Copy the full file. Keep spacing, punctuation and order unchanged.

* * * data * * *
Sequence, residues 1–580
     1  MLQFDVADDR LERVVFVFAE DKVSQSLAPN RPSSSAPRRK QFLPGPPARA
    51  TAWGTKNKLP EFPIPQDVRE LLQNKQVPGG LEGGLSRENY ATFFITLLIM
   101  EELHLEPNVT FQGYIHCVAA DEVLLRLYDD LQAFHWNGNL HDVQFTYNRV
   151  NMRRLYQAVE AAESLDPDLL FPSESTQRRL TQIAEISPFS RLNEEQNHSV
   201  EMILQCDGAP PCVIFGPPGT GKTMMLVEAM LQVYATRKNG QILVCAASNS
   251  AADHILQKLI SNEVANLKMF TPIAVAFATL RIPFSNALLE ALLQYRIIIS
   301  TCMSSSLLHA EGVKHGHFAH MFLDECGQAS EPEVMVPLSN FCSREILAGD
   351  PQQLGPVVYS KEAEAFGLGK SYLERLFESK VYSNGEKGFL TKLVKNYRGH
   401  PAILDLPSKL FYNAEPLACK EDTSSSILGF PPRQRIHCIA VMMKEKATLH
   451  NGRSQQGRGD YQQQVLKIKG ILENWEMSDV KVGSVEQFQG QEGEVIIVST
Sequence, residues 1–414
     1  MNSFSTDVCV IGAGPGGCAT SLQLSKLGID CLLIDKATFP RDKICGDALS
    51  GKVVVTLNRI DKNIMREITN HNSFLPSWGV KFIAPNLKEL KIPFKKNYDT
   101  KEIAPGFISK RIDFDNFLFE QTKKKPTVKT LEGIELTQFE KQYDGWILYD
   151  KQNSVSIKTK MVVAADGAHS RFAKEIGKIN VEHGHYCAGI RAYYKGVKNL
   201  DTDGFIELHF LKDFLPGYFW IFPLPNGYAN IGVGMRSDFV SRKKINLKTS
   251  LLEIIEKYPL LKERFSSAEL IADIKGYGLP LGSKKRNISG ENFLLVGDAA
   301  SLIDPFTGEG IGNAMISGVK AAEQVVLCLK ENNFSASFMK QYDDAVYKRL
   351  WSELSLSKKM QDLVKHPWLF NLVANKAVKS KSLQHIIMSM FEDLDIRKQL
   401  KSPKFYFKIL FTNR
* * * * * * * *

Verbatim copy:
Sequence, residues 1–580
     1  MLQFDVADDR LERVVFVFAE DKVSQSLAPN RPSSSAPRRK QFLPGPPARA
    51  TAWGTKNKLP EFPIPQDVRE LLQNKQVPGG LEGGLSRENY ATFFITLLIM
   101  EELHLEPNVT FQGYIHCVAA DEVLLRLYDD LQAFHWNGNL HDVQFTYNRV
   151  NMRRLYQAVE AAESLDPDLL FPSESTQRRL TQIAEISPFS RLNEEQNHSV
   201  EMILQCDGAP PCVIFGPPGT GKTMMLVEAM LQVYATRKNG QILVCAASNS
   251  AADHILQKLI SNEVANLKMF TPIAVAFATL RIPFSNALLE ALLQYRIIIS
   301  TCMSSSLLHA EGVKHGHFAH MFLDECGQAS EPEVMVPLSN FCSREILAGD
   351  PQQLGPVVYS KEAEAFGLGK SYLERLFESK VYSNGEKGFL TKLVKNYRGH
   401  PAILDLPSKL FYNAEPLACK EDTSSSILGF PPRQRIHCIA VMMKEKATLH
   451  NGRSQQGRGD YQQQVLKIKG ILENWEMSDV KVGSVEQFQG QEGEVIIVST
Sequence, residues 1–414
     1  MNSFSTDVCV IGAGPGGCAT SLQLSKLGID CLLIDKATFP RDKICGDALS
    51  GKVVVTLNRI DKNIMREITN HNSFLPSWGV KFIAPNLKEL KIPFKKNYDT
   101  KEIAPGFISK RIDFDNFLFE QTKKKPTVKT LEGIELTQFE KQYDGWILYD
   151  KQNSVSIKTK MVVAADGAHS RFAKEIGKIN VEHGHYCAGI RAYYKGVKNL
   201  DTDGFIELHF LKDFLPGYFW IFPLPNGYAN IGVGMRSDFV SRKKINLKTS
   251  LLEIIEKYPL LKERFSSAEL IADIKGYGLP LGSKKRNISG ENFLLVGDAA
   301  SLIDPFTGEG IGNAMISGVK AAEQVVLCLK ENNFSASFMK QYDDAVYKRL
   351  WSELSLSKKM QDLVKHPWLF NLVANKAVKS KSLQHIIMSM FEDLDIRKQL
   401  KSPKFYFKIL FTNR